How CyberKnife Treats Metastatic Liver Cancer

Liver cancer is sometimes difficult to detect early because symptoms of the disease often do not appear until the cancer has progressed. The delay in detection often means patients may be at a more advanced stage when diagnosed, meaning cancer may have spread beyond the liver to other parts of the body. When this occurs, tumors in secondary sites are known as metastatic liver cancer. The most common site for liver metastasis is the lungs.

St. Louis CyberKnife treats patients with metastatic liver cancer with a procedure called stereotactic body radiation therapy using CyberKnife® technology. During the procedure, the robotic radiosurgery system delivers targeted, high dose radiation directly to tumors with extreme precision. Treatment is noninvasive and is completed within five or fewer outpatient sessions.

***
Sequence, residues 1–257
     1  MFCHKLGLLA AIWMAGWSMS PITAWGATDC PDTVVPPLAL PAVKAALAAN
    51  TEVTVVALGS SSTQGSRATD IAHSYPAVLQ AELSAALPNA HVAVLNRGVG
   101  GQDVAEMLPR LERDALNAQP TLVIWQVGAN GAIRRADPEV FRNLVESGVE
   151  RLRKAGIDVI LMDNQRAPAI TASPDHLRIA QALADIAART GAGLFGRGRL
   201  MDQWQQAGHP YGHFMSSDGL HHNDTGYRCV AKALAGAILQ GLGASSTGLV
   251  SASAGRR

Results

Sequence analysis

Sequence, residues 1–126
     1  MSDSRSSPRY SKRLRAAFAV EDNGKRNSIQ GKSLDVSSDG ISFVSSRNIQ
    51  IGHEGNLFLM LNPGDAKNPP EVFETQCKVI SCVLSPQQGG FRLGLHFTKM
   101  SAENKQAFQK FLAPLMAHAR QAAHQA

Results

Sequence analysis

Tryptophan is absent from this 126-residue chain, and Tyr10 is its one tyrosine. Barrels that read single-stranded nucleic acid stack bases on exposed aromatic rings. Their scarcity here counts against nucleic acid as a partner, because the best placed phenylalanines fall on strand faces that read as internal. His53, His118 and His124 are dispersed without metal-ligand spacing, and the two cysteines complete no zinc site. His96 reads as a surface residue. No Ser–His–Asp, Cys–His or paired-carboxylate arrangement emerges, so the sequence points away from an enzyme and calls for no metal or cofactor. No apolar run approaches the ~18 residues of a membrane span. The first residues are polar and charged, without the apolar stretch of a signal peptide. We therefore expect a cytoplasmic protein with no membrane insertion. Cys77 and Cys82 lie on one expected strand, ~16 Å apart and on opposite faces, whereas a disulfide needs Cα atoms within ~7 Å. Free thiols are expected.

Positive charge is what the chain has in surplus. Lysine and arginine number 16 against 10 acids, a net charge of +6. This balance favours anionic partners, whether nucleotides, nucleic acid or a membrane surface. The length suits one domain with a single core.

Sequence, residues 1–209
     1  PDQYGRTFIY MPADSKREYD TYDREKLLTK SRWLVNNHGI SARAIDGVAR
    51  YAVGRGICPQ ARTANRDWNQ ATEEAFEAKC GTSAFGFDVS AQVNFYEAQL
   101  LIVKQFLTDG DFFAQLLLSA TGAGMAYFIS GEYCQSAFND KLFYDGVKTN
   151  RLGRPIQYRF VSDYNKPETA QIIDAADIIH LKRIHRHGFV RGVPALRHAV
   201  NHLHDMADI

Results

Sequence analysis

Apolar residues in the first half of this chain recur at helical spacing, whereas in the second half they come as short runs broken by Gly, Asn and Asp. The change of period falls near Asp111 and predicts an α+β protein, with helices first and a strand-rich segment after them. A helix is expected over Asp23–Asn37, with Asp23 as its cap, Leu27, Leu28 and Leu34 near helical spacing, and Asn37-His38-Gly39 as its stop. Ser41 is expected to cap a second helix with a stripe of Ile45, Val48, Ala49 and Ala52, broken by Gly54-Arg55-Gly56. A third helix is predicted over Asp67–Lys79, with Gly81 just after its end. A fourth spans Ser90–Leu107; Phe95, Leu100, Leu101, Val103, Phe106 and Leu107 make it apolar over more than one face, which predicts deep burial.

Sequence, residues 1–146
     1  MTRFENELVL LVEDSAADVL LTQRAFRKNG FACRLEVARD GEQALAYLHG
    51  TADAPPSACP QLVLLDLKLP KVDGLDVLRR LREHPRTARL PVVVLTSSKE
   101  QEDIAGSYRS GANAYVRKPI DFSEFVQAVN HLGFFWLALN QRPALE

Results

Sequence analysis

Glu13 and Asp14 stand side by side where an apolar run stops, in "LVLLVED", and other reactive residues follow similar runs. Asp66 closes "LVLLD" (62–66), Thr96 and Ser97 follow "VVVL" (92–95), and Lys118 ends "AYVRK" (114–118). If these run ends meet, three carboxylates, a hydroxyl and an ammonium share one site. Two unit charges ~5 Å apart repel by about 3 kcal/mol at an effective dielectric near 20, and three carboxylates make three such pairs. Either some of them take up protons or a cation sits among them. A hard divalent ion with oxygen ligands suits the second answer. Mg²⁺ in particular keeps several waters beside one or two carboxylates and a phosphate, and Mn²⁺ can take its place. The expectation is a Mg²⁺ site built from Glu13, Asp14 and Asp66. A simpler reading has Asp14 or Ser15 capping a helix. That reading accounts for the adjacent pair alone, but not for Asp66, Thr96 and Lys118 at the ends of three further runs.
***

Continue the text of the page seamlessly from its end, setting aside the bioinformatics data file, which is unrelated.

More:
For those with metastatic liver cancer in the lungs, CyberKnife has particular benefits. The CyberKnife’s virtually unlimited maneuverability and respiratory tracking technology compensates and corrects for normal patient movement such as breathing, allowing for a safe and accurate treatment of lesions in the lungs. This advantage can be particularly important for patients who are seeking an alternative treatment option to surgery with fewer side effects or for those who may be concurrently undergoing other forms of treatment such as chemotherapy.

For more information on how CyberKnife works, click here.

This is not intended as medical advice to replace the expertise and judgment of your health care team. It is intended to help you and your family make informed decisions, together with your doctor.